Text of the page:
Sen. Lindsey Graham fared nearly as well on Tuesday against a Democratic challenger who spent more than $100 million in the 2020 cycle as he did against his opponent in 2014, who raised a paltry $525,000 for that campaign.
Graham’s stronger-than-expected showing highlights one of the most startling patterns to emerge from the election: Historic campaign contributions to Democrats against incumbent Senate Republicans did not pay off.
In four hotly contested races, the Democratic candidates raised $125 million more ($288 million versus $163 million) than Republican incumbents.
But according to results compiled by The Associated Press, the Republicans in those races won by almost the same margins as they did in 2014.
The strong Republican showing is likely to help the GOP retain control of the Senate.
Senate Majority Leader Mitch McConnell fared better on Tuesday against Democratic challenger Amy McGrath in his Kentucky race than he did against his opponent in 2014, Alison Lundergan Grimes.
McConnell won a seventh term by over 20 percentage points.
McGrath raised $88 million for her race, the second most of any Senate candidate. McConnell raised $50 million.
McConnell defeated Grimes in 2014 by 15.5 percentage points, outraising her by a $31 million to $19 million margin.
Sen. Joni Ernst and Thom Tillis, the Republican incumbents in Iowa and North Carolina, respectively, also fared as well on Tuesday as they did in 2014, despite facing heavy fundraising deficits.
Ernst was declared the victor over Theresa Greenfield by a 6.4 percent margin. Greenfield raised $47 million, a record for an Iowa Senate race, while Ernst raised $23 million.
Ernst won in 2014 by an 8.3 percent margin. She and her opponent raised $12 million each in that race.
Tillis’ race against Democrat Cal Cunningham has not been called, but the Republican is currently leading by the same margin by which he won in 2014.
He is ahead by 1.8 points despite being outspent $21 million to $46 million. Tillis won by 1.5 points in 2014 and was outspent $11 million to $25 million, according to the Center for Responsive Politics.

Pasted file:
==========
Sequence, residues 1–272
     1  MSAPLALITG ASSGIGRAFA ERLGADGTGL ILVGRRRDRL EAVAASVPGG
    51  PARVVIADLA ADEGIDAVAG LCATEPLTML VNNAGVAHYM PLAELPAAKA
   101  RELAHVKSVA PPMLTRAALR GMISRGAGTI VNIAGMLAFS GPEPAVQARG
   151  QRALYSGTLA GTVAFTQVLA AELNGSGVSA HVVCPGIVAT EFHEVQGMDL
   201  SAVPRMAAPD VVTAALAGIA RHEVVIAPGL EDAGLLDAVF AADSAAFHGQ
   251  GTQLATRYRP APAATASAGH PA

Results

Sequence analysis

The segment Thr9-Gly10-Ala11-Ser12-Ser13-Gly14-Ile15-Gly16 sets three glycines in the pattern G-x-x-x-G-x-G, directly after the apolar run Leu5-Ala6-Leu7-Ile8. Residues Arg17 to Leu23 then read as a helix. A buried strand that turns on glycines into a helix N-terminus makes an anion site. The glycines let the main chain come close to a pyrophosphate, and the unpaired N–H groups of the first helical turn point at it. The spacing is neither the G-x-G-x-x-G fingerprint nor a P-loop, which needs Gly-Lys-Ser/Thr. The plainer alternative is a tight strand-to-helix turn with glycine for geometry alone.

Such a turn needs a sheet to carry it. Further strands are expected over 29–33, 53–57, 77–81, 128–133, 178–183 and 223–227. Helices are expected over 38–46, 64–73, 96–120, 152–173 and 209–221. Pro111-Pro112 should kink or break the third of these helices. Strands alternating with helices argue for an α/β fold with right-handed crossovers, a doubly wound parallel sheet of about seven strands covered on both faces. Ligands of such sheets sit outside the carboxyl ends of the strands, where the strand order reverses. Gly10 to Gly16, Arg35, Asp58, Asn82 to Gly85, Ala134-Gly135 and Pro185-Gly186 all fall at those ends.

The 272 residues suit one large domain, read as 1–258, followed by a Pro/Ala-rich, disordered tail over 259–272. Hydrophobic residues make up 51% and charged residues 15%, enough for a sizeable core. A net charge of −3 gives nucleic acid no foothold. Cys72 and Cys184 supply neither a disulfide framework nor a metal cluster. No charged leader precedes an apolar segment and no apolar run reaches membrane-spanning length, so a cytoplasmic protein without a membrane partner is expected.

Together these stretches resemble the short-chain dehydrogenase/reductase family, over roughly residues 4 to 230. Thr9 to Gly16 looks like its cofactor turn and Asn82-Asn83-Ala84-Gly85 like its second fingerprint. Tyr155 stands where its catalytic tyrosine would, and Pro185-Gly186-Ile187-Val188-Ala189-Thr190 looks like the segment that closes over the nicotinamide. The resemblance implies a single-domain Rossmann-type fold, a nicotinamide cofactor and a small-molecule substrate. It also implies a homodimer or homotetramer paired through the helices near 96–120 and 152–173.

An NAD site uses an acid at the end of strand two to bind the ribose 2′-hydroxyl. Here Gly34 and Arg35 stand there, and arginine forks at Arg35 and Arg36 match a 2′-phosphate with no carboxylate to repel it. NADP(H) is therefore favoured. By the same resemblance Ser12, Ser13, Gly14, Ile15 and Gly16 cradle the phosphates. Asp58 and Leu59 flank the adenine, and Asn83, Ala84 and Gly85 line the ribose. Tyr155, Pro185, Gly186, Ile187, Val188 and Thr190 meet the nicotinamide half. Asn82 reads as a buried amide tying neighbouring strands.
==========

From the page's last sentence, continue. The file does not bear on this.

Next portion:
Jaime Harrison’s resounding loss to Graham is likely to cause the most soul-searching for Democrats.
Democrats had high hopes for Harrison, a former DNC official who previously served as chairman of the Democratic Party in South Carolina.
Polls had Harrison running neck-and-neck with Graham, who has become a prominent target because of his close alliance with President Donald Trump and his role in confirming Trump-appointed judges Brett Kavanaugh and Amy Coney Barrett to the Supreme Court.
Vox, a liberal political website, declared South Carolina an unexpected Senate battleground state in an Oct. 22 article.
The Guardian posited that Harrison might pull off the upset of 2020.
The New York Times marveled at Harrison’s “astonishing” $57 million cash haul in the most recent fundraising quarter.
According to the Center for Responsive Politics, Harrison raised $107 million to Graham’s $69 million during the entire 2020 cycle.
Harrison raised over $100 million more than Graham’s challenger in 2014, Brad Hutto.
Graham won by 16.5 points in 2014 and 11.3 points in 2020.
Republicans also held ground in Kansas on Tuesday despite historic contributions to Democrat Barbara Bollier’s campaign.
Rep. Roger Marshall defeated Bollier by 22.6 points to win the Senate seat, according to The Associated Press. Bollier, a state senator, outraised Marshall by a margin of $24 million to $6 million.
Marshall will replace outgoing Republican Sen. Pat Roberts.
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